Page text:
Texas Flood Surveys

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Detailed Description

Hydrologists from Arizona aid the Texas Water Science Center in gathering measurements and other information after the catastrophic Blanco River flooding event that swept Austin, Texas.

Details

Image Dimensions: 480 x 360

Date Taken:

Length: 00:02:15

Location Taken: Tucson, AZ, US

Transcript

My name’s Brandon Forbes, I am a hydrologist
at the Arizona Water Science Center in Tucson,

Arizona.

On Memorial Day of 2015 a catastrophic and
historic flooding event occurred on the Blanco

River watershed near Austin, Texas.

Scientists from Arizona traveled to Texas
to help the USGS Texas Water Science Center

document these historic and widespread flooding
events.

We were lucky enough to have the permission
from local landowners to go on their property

to gather this information, and without that
we could not have done these surveys or conducted

these estimates.

We used methods called indirect discharge
estimation methods, or slope area measurements,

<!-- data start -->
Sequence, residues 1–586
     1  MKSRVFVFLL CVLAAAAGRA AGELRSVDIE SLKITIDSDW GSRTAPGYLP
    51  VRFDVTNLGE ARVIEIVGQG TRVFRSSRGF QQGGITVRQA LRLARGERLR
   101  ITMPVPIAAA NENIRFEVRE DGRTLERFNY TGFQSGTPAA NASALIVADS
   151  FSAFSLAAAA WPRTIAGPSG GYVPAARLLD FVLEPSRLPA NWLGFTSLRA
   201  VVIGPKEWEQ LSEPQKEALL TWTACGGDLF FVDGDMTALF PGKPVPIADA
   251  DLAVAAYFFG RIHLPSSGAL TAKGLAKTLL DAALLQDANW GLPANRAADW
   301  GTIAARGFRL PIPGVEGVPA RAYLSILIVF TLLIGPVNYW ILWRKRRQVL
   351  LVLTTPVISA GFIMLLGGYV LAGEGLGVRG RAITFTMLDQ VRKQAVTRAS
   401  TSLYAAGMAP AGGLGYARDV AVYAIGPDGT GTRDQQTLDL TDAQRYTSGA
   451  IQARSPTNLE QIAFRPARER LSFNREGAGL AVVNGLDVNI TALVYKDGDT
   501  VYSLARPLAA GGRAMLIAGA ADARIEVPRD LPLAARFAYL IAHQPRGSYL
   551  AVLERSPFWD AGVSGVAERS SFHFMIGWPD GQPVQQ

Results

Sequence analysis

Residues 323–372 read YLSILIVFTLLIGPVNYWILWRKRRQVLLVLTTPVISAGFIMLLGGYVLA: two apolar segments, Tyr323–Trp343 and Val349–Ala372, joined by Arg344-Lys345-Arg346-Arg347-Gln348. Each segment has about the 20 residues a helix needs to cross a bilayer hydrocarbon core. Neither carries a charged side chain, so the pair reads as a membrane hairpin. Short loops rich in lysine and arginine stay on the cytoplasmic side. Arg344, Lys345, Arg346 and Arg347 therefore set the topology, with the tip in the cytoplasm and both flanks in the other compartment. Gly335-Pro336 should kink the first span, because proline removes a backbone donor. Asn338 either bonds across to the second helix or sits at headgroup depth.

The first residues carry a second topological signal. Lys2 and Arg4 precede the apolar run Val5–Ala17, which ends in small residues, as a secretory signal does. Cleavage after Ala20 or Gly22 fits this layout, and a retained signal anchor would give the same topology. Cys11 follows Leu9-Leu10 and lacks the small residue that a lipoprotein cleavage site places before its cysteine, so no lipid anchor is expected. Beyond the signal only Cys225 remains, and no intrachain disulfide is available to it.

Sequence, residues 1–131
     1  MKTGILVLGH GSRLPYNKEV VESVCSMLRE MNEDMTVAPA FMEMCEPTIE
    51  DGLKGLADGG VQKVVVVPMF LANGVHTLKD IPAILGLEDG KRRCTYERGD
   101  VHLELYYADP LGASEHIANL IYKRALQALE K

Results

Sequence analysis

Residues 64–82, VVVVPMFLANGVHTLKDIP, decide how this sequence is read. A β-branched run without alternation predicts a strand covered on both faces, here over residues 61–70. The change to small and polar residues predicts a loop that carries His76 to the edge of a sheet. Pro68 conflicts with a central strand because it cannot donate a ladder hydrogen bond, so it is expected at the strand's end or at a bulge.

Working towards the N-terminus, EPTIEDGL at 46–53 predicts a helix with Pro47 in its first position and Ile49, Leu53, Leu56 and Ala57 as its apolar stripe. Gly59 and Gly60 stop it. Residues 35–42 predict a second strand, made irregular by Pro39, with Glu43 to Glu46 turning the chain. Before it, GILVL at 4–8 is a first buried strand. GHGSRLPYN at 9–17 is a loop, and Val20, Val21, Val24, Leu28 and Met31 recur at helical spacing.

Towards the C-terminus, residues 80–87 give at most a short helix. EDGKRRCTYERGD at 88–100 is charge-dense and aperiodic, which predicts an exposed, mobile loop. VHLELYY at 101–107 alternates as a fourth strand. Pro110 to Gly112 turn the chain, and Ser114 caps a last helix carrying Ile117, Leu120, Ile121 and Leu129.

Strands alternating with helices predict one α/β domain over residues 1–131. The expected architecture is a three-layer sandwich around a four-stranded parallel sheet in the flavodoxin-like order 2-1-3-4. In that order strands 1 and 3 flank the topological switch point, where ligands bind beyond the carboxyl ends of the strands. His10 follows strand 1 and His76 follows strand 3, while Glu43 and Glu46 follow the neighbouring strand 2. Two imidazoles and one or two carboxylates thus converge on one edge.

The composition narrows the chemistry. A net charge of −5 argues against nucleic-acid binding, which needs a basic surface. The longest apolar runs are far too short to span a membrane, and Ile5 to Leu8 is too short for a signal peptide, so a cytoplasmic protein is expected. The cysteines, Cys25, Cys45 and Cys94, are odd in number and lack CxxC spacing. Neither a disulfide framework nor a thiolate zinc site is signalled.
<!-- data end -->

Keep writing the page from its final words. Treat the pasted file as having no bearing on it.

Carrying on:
as we call them in the survey, which involves
surveying channel geometry, estimating “n”

values, and surveying the water surface profile
that’s left by the flood to estimate the

peak discharge.

The highest high water marks or the depth
of water, which we surveyed around where their

stream gage was located, was about 40ft of
water.

That turned out to be about 175,000 cubic
feet per/second which is more than two times

the discharge of Niagara Falls.

Other issues we have are there was still a
lot of water present, so a lot of sites could

not be waded, we couldn’t cross these rivers.

We had to use different methods to estimate
the geometry under the water surface.

To do that we used ADCP or Acoustic Doppler
current profilers to measure the geometry,

and we did this by dragging these ADCP boats
across the water that we couldn’t wade and

those instruments can measure the channel
geometry when we physically can’t.

For this particular flood in the Blanco River,
it was very high up into places where people

lived.

So a lot of the damage that we saw, it was
tragic in a sense that these people’s lives

were heavily impacted by this event.

Houses had 5, 6, 7ft of water, sometimes more,
and some houses were completely removed from

foundations, and many lives were lost.

So it was definitely an eye opening experience
to see that kind of damage caused by a flood.